Because remember, we cannot think about this using ourselves as an example – we might look at ourselves and feel like we (for the sake of argument) use voice interfaces and audio books, yet still want to read occasionally. But we’ve already learned to read, and we did that when we had a strong incentive to do so. What happens with the first generation that has audio books already before they can read? They will not have as much of an incentive to learn reading. They will not need reading to get the information. Will reading still be useful to them in the long term? I absolutely think so. But will that be enough to convince them to go through the hard work required to learn reading?
One very symbolic moment in the interview is when Roemmele asks “Who uses mice anymore?”. I think the mouse, in many ways, is a small example of the same process at work here. The mouse is significantly more efficient than the touchscreen, but the touchscreen has one advantage – it’s intuitive. The mouse, when using it for the first time, is not efficient; In the hands of an experienced user, it becomes significantly more efficient, compared to the touchscreen, which stays mediocre no matter how much you use it. Sounds familiar? This is exactly how writing works. It is not intuitive, and requires a lot of practice to master; but once mastered, it provides huge benefits over voice (which is more intuitive). If people really don’t use the mouse anymore (and by the way, don’t they? I haven’t really seen people like that, but I’m sure he knows the market more than I do. Might also be related to the fact that I am not located in the USA, which seems to be the early adopter for most of these tech trends) because they prefer the short term benefit of an intuitive interface, then can we really expect them to spend difficult hours learning to read and write, when they can just listen to audio books?
So bottom line – if Roemmele’s thesis is correct, I would think it is a very real possibility that our current (or very near future) rate of global literacy is going to be a historical peak; it will only go down from there. Not that literacy will disappear from the world completely, but it will no longer be the near-universal skill it is today. I’m not a fan of “those horrible younger generations” kinds of pessimism – as far as I’m concerned, a transition to post-literacy will be fascinating. I think it will be a bad decision for those who do it, but I have no reason to complain. If that really happens, I’ll fully enjoy my ability to demonstrate reading and writing as a party trick to my future grandchildren’s friends. I doubt if they’ll be too impressed, but who knows.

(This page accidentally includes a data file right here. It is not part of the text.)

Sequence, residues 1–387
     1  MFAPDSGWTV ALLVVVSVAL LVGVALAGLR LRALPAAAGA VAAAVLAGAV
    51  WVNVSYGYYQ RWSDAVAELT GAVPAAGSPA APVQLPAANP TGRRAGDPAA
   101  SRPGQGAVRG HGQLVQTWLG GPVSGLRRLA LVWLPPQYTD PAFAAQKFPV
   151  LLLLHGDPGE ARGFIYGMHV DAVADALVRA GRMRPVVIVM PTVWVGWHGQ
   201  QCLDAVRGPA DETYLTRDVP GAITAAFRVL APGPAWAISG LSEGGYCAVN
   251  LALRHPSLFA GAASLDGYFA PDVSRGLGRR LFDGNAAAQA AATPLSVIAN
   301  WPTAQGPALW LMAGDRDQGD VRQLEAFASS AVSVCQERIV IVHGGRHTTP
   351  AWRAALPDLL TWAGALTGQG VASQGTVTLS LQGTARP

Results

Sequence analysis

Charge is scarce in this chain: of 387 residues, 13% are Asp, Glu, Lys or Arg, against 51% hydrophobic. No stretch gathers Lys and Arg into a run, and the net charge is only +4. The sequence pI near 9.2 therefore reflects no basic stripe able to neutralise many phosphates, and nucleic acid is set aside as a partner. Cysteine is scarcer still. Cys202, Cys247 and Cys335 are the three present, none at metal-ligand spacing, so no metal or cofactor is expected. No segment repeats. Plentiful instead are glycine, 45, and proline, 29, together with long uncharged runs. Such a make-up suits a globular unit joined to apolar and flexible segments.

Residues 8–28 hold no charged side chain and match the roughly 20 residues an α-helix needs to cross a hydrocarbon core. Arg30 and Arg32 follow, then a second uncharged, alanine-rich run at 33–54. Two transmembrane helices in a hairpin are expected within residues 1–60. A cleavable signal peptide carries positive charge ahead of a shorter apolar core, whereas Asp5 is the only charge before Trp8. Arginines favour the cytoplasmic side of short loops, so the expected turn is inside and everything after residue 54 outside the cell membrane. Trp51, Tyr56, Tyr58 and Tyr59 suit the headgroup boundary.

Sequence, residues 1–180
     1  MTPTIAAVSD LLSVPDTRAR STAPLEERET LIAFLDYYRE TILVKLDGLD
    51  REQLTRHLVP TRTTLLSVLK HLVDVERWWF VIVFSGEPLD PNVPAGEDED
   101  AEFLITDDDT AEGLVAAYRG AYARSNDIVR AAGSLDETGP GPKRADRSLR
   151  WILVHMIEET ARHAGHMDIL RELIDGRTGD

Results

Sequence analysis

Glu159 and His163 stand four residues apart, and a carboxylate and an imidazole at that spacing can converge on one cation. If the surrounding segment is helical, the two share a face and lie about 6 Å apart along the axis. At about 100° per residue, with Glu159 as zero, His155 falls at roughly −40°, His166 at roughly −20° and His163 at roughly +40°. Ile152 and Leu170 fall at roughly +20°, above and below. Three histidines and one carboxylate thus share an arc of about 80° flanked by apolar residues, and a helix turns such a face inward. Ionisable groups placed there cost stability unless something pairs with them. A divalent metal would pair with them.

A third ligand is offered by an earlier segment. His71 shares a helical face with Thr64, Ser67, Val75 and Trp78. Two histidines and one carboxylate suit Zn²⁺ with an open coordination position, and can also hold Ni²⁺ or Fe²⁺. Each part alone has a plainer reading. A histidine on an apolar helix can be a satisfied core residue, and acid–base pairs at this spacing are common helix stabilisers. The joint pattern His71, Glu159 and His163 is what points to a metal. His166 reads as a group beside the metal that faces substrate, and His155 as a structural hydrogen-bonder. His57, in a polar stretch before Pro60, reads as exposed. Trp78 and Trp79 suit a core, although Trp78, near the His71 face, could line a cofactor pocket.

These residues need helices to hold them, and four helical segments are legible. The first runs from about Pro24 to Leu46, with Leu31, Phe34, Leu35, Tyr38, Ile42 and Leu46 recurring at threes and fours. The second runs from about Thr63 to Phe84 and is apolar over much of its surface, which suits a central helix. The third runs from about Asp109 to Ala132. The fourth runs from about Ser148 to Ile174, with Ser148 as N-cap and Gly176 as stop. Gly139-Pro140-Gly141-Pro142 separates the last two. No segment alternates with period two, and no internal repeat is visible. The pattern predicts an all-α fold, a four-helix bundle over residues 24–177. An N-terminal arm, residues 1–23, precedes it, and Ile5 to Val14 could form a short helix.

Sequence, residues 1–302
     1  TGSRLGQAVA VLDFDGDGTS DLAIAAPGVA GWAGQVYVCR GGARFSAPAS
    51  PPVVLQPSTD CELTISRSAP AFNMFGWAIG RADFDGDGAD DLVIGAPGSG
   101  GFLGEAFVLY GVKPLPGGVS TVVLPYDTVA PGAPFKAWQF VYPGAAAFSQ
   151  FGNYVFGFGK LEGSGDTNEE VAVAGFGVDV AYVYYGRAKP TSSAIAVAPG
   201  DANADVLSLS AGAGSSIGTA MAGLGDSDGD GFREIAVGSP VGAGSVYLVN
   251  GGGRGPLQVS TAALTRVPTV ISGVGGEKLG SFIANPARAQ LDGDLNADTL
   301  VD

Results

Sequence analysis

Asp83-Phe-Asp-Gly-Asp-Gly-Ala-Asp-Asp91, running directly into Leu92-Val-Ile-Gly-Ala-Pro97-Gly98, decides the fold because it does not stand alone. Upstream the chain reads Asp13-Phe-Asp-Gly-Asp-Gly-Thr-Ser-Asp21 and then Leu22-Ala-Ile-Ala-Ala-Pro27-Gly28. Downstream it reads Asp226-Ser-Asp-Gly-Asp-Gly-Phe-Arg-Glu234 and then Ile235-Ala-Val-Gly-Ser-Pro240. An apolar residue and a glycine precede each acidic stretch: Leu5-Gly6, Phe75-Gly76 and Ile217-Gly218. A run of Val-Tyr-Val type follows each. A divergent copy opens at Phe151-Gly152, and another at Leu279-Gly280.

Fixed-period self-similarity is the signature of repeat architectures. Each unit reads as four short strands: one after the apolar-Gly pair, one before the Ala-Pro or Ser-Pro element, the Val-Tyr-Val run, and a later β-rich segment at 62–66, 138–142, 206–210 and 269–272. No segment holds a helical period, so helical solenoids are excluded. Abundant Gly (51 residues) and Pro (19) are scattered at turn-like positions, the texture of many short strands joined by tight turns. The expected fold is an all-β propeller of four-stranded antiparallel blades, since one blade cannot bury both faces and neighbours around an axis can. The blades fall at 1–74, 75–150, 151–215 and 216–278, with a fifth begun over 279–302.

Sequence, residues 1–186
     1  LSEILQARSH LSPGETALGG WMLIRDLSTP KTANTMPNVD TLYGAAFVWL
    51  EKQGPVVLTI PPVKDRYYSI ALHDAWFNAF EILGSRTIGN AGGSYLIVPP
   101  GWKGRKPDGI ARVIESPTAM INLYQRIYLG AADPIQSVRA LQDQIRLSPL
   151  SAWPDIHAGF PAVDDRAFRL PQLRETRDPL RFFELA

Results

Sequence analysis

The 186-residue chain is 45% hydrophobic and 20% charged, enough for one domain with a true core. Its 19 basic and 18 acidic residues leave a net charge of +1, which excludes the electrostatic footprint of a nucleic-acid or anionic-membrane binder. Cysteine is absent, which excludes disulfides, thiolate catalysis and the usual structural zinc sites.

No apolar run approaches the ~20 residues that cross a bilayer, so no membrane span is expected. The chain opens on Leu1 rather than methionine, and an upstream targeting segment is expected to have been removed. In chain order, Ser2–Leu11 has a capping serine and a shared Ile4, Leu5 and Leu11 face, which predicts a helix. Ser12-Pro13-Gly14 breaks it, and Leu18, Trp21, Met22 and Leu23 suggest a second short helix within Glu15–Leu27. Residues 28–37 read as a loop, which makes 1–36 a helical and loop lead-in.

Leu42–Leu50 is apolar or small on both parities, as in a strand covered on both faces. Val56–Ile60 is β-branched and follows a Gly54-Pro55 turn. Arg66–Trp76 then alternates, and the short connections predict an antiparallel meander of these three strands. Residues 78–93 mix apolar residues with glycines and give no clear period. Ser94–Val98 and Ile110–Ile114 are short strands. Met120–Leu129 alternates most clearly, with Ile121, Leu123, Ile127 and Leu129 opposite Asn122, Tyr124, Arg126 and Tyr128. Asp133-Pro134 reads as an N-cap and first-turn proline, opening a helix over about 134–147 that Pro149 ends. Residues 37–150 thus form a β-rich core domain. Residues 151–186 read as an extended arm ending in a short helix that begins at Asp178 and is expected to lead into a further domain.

And some advice for you readers – if the world is going in a post literate direction, I strongly recommend you go against the trend. Not because literacy is some sort of magical wonder world as some people like to describe it, but it’s just a useful skill, even in a world of audio books. I admit I haven’t given much of a chance for audio books because I cannot even start this strange experience of reading a book at someone else’s pace. Even as a computer interface, it seems absurd to me to return to the command line – Roemmele’s vision seems to imply that we abandoned the command line because we don’t want to read and write too much, but I have a very different way of seeing things – we (mostly) abandoned command line because it’s a one dimentional medium. You can only read or write one thing at a time, even more so with voice than with text. On a screen we can get much more information at the same time, and be more efficient.
And finally, I’ve mentioned David Krakauer’s concept of competitive and complementary cognitive atrifacts before, and I think it’s relevant here as well – always prefer technologies that improve your intelligence rather than technologies that compete with it. Text, computer mice, keyboards, long division and maps – these are all technologies that not only help you, but you can understand them and learn to internalize them without depending on some company to provide your thinking for you. With your digital assistant – I hope you’ll enjoy this life where you can suddenly forget how to turn off the lights in your house (actual story from the interview). Or to use the Star Wars analogy – where you can be completely unaware of a dark lord taking over your republic.
 Or something along those lines. I admit I have very limited knowledge of the Star Wars universe.